India suffered a loss of over INR 10 billion (US$150 million) due to the adverse winter weather in January 2013 alone. Heavy monsoon rains in cities like Delhi and Mumbai, flooding events in Srinagar, Bihar and Chennai, and massive destruction caused by cyclones like Hud-hud hitting Vishakhapatnam in 2014, point towards a need to increase the preparedness of Indian cities for extreme events and foster climate-resilient urban development and planning. As cities in India are grappling with a multitude of development challenges, including unsteady and inequitable economic growth and rising poverty levels, provision of services and infrastructure development is critical yet it is imperative to push cities further towards environment sustainability if a larger goal of ‘smart growth’ is to be achieved.

Through its Smart Cities mission, the Government of India has set out a clear agenda of setting up smart systems and smart urban management mechanisms in Indian cities in the coming years. Somewhat problematically, the new scheme guidelines do not emphasize issues of sustainability, particularly in how these are related to the environment, climate change, and disaster risk reduction. While the mission statement and guidelines makes a brief passing mention to ‘sustainable environment’ as one of the elements of a Smart City, it does not give any attention to building climate resilience and disaster preparedness of cities. The Mission guidelines are still very mitigation oriented and do not speak of adaptation to climate change, which is an essential part of building resilience. Being a developing country with the growth trajectories that India strives for, sustainable resilient development should ideally be the model for urban development. This preferably would be addressed with policies and mandates at national and state levels as well as project planning and urban management at the city level. Failing to do so could mean acute resource crunch, unplanned and haphazard urban development, and increasing degradation of the environment, in addition to leading to huge losses due to climate impacts in the coming years.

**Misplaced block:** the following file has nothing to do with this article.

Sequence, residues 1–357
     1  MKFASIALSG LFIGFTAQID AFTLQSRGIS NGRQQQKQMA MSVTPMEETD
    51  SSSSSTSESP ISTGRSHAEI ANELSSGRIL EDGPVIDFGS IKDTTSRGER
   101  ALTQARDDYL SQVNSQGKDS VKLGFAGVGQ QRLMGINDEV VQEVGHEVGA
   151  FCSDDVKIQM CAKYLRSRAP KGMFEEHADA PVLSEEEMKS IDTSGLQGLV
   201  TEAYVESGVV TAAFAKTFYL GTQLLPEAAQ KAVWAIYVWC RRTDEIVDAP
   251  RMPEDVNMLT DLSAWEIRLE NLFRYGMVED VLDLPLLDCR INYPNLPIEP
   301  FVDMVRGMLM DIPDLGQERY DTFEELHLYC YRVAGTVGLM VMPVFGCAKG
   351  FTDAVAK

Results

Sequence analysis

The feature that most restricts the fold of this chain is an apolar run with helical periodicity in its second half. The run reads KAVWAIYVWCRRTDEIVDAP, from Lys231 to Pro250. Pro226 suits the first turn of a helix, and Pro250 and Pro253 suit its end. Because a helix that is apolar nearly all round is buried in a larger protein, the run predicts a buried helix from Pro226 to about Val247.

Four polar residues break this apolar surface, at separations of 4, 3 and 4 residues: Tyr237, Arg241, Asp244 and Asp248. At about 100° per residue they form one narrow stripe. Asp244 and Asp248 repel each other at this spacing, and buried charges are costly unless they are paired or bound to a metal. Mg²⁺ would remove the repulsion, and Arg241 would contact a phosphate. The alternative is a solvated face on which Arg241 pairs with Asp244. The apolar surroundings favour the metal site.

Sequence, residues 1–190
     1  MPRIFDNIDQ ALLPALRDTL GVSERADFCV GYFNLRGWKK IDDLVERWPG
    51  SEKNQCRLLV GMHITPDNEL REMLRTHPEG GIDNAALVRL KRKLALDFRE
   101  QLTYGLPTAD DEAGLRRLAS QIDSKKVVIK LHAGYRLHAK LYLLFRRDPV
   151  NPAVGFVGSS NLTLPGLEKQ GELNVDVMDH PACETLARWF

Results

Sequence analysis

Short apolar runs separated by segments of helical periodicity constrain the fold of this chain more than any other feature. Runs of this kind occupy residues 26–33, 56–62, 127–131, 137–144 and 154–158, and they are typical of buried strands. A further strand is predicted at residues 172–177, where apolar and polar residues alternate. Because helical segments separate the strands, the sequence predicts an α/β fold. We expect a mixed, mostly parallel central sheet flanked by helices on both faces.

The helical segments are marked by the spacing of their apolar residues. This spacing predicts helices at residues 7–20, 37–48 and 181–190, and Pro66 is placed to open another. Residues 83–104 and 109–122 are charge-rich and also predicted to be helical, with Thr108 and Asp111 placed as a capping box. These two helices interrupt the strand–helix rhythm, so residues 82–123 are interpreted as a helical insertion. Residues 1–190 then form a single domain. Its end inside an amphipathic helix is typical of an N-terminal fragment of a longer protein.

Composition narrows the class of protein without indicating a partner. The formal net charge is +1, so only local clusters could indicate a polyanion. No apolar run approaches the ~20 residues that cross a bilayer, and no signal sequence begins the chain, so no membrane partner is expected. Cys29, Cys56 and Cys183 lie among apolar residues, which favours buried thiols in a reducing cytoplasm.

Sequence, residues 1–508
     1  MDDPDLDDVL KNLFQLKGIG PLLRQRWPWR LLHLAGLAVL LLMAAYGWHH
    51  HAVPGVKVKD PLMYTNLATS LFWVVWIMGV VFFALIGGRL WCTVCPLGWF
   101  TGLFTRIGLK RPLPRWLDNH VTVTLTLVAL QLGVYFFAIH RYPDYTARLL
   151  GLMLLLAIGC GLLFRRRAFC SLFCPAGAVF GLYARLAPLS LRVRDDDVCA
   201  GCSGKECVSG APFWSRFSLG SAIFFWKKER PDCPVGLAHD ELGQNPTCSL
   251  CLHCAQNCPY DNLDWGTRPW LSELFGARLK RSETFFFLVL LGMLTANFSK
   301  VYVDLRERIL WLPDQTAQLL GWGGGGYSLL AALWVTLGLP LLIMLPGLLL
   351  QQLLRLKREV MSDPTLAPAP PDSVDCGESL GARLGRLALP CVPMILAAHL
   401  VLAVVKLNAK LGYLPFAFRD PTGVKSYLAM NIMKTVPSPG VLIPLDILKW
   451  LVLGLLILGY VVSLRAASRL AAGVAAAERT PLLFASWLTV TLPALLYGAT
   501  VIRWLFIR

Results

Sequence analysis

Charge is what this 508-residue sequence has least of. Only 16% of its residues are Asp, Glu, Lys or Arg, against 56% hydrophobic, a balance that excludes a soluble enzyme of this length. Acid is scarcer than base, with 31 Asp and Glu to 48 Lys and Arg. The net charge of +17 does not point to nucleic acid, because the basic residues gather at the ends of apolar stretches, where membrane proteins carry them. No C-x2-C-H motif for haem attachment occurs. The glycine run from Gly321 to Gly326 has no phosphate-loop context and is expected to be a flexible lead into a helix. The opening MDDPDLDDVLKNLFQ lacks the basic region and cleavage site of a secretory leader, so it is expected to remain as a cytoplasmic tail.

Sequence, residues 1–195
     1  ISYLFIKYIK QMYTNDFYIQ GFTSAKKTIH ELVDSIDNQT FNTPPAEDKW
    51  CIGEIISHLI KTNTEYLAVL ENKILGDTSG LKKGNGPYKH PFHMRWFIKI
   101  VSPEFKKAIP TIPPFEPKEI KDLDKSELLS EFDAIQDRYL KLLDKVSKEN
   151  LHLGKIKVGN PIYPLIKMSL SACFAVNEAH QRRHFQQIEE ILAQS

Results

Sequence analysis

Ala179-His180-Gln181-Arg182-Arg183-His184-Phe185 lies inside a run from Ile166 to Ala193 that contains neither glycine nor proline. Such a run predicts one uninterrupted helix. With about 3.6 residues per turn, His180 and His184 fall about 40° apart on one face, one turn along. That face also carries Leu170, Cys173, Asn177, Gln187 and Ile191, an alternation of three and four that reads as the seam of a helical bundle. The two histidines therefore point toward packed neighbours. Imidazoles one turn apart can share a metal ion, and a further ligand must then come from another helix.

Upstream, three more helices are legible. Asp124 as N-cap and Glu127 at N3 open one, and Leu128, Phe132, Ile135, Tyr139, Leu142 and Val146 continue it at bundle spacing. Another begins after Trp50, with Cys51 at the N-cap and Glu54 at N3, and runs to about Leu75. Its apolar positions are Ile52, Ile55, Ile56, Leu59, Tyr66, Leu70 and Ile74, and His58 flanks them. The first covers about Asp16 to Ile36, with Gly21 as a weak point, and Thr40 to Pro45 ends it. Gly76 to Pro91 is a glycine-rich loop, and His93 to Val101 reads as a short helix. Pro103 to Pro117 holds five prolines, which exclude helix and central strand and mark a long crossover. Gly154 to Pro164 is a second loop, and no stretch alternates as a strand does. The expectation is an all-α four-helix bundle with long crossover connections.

"There is potential for scaling up climate resilience in the context of Smart Cities."